Rafael Viñoly Architects recently released new renderings for the renovation of 787 Eleventh Avenue. The renderings show how the large industrial building is revamped into an array of car showroom and office spaces for Packard Motor Company. The renovation of the historic building along 11th and 12th Avenues in Hell’s Kitchen was originally announced in 2016. Located in proximity to the iconic Via 57 West, Mercedes House and Hudson Yards, the Rafael Viñoly-designed edifice will be a new addition to the already crowded architectural scene. It will add to Manhattan Midtown’s westward expansion to the Hudson River. The existing eight-story Art Deco building was originally designed by the late Albert Kahn in 1927. Viñoly’s renovation adds two upper floors to the building. The new ninth and tenth floors recedes from the periphery of the building to produce an uninterrupted private outdoor green terrace.The lower floors will remain a car showroom and contain service areas, while the upper floors will become commercial office space to accommodate the expanded workforce. Viñoly envisions a work environment with upgrades such as a 12,000-square-foot green roof deck. The roof was originally allocated as employee parking, which is now moved to the basement. In the original structure, widely spaced columns support one-acre-large floor slabs, which permit open office layouts. To further enlarge the volumes of spaces, the seventh floor slab is removed to create a double-height office. Other features of the new design include the renovation of the facade, the ground-floor entrance, the building lobby and modern infrastructure. The architects will install floor to ceiling windows as large as ten feet by ten feet to allow for better lighting into the offices, as well as expanded views to the city and the river.
Posts tagged with "Hell's Kitchen":
Silverstein Properties is developing a 1,100-foot-tall development on Manhattan's West Side, but it won't be Oppenheim Architecture + Design's proposal for a pair of towers linked by a mammoth greenhouse-topped bridge seen here. The scheme was revealed earlier this year as two speculative mixed-use towers comprising some 1.6 million square feet. Then called 514 Eleventh Avenue, the scheme would have stood eye to eye with the Empire State Building. In dramatic fashion, Oppenheim's renderings and video of the project detailed a pair of towers with stunning vistas of the Hudson River, the nearby Hudson Yards development, and the High Line. Then called 514 Eleventh Avenue, the glass-clad towers would be 60-stories tall and houses mostly residences, with offices and retail also in the building. At the top of the tower, a massive lounge area within the bridge created a greenhouse-like setting, complete with a game of croquet. A five-story retail mini-mall with a green wall–covered facade would occupy the base of the building. Oppenheim Architecture declined to comment on the project for this article. But those plans weren't meant to be. In July, Silverstein revealed new renderings of a single-tower proposal for a project now dubbed 520 West 41st Street. The basic specs remain the same, with a 1,100-foot-tall tower containing 1,400 residences (including 280 affordable apartments), 175,000 square feet of office space, and a stepped 140-foot-tall podium containing retail space. The project dropped the second tower and bridge connection in favor of a lighter, rectilinear form. The tower proposal has met some opposition from West Side residents. In letters sent to the New York City Department of City Planning, the Hell’s Kitchen Land Use Committee brought up complaints pertaining to the sheer size of the development. The committee also emphasized that equal amounts of attention and time should be applied to building and furnishing the “affordable housing” that the project promises as has been spent in producing the jaw-dropping renderings. One major hurdle still remains for the project—zoning. The developer met with the Department of City Planning on July 31st to begin arguing that the project should be rezoned from a predominantly office tower to the apartment building currently proposed. In the meantime, cancel your sky-high croquet plans for now.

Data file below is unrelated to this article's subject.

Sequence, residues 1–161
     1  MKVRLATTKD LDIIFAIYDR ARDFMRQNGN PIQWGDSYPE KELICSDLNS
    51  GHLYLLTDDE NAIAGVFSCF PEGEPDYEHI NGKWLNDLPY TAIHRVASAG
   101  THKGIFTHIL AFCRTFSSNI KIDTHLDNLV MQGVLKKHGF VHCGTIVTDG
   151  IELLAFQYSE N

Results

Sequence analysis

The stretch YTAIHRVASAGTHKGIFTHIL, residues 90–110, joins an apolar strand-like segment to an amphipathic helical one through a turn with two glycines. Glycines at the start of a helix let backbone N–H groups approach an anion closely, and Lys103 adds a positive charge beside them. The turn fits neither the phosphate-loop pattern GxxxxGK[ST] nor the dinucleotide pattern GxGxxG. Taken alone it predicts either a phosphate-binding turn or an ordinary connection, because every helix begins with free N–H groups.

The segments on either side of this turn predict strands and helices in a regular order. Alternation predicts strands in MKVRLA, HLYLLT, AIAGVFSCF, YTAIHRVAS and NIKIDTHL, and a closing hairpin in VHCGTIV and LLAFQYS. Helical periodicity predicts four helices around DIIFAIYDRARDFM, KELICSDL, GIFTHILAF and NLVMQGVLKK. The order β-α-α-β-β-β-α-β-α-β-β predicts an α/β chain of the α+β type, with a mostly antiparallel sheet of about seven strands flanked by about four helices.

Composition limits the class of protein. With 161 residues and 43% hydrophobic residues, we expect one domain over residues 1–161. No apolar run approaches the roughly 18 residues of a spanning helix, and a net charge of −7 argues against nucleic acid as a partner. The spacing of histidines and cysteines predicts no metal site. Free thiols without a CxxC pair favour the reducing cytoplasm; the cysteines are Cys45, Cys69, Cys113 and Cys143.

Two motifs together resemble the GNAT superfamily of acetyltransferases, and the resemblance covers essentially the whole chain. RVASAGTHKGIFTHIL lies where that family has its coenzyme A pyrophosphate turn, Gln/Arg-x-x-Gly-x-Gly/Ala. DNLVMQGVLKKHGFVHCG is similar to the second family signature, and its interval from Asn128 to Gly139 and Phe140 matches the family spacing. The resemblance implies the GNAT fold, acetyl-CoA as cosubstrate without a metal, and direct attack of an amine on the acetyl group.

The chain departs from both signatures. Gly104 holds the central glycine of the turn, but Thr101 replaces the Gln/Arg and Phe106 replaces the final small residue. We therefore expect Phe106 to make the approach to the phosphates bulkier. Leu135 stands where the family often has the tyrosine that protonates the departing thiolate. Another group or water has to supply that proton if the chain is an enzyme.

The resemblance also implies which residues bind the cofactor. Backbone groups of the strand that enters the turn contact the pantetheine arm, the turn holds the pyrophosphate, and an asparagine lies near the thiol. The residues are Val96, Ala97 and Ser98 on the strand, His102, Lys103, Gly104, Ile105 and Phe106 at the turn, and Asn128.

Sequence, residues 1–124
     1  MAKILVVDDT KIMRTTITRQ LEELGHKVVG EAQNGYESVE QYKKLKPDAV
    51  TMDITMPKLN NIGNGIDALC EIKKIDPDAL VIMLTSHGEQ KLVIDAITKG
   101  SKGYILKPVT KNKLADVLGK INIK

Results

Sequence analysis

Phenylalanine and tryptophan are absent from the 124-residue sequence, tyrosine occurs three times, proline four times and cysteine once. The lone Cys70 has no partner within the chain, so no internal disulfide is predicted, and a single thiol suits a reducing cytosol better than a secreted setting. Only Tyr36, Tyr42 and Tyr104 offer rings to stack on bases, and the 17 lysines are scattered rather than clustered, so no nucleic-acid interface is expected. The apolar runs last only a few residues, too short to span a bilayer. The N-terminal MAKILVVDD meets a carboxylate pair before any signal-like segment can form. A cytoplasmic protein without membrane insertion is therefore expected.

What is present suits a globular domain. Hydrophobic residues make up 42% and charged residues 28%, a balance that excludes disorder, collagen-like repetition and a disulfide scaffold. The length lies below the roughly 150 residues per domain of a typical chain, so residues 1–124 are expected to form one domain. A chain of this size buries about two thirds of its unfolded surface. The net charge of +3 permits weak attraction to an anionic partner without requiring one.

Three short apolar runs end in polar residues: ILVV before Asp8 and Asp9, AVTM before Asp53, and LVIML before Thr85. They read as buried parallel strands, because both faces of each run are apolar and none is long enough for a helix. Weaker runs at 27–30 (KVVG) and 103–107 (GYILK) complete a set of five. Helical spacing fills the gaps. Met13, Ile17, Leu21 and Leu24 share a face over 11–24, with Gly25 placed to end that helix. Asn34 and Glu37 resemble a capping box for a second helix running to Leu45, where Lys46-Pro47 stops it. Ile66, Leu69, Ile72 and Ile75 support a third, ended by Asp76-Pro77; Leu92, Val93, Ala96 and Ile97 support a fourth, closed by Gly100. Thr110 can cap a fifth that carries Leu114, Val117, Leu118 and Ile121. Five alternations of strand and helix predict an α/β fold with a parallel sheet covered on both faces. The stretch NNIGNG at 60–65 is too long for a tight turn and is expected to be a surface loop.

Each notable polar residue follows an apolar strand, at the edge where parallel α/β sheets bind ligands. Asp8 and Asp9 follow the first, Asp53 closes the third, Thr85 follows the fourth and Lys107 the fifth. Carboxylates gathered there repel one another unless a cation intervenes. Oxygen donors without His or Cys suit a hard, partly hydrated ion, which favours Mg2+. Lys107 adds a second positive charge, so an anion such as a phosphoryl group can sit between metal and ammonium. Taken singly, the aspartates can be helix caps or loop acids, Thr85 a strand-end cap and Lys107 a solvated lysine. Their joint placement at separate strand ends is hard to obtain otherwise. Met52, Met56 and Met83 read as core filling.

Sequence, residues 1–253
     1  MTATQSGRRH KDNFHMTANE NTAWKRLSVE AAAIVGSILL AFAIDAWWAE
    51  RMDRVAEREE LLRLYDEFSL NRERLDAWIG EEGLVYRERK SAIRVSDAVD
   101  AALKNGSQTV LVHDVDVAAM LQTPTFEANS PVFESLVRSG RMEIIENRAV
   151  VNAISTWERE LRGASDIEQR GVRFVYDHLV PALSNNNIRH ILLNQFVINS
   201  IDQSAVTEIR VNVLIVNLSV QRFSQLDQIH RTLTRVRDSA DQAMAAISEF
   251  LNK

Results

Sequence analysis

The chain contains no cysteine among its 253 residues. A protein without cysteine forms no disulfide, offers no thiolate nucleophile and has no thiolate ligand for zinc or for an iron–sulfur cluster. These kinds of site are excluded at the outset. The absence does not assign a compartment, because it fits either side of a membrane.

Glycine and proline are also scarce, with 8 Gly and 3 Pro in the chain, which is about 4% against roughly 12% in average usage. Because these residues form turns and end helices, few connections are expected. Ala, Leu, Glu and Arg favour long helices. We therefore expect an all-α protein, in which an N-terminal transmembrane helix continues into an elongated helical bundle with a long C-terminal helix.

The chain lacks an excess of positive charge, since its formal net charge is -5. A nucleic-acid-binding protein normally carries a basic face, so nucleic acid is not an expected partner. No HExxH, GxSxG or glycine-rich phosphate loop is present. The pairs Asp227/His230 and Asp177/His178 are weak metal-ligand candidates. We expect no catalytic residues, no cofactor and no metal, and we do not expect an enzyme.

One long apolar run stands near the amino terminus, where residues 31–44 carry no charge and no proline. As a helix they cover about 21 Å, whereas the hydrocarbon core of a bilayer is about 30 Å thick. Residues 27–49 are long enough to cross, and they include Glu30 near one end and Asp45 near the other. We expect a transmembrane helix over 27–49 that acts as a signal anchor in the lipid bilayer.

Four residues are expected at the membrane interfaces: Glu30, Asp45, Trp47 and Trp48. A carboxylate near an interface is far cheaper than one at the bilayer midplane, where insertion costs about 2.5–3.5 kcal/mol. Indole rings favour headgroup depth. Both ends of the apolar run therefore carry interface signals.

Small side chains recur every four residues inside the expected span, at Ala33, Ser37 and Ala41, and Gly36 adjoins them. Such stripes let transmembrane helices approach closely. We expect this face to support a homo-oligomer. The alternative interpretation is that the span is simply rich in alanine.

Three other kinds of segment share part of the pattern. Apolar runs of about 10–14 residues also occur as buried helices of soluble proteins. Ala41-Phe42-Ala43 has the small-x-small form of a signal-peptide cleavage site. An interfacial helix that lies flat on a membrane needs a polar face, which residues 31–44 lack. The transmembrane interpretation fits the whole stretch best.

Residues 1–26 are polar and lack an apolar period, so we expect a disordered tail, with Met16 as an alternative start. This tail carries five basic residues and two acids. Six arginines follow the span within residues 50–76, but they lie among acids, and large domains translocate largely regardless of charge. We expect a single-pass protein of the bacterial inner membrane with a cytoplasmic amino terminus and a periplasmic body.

The Port Authority of New York & New Jersey has big plans for Manhattan's West-side bus terminal. In an attempt to cut congestion on the hell-forsaken crowded streets of Hell's Kitchen, the authority is planning a $400 million bus annex a few blocks from the main 42nd Street Bus Terminal. And to improve that hell-forsaken battered terminal, they are reportedly resurrecting plans to build a tower on top of it—the funds from which would be used to improve the facility. The new Galvin Plaza Bus Annex, which would rise on an Authority-owned lot, could accommodate 100 busses and tens of thousands of daily riders. The new space should significantly cut down on travel time by giving busses direct access to the Lincoln Tunnel. As DNAinfo reported, “The proposed facility would allow buses to be parked and ready to go, letting officials feed them into the bus terminal one after another instead of clogging up city streets or looping around the cavernous terminal.” If plans are approved, the annex should be up and running by… 2020. Rome wasn't built in a day. And, according to Capital New York, the Port Authority will release an RFP later this year for a terminal-topping tower. This comes about three years after plans for a 40-story Richard Rogers–designed tower on the site were scrapped.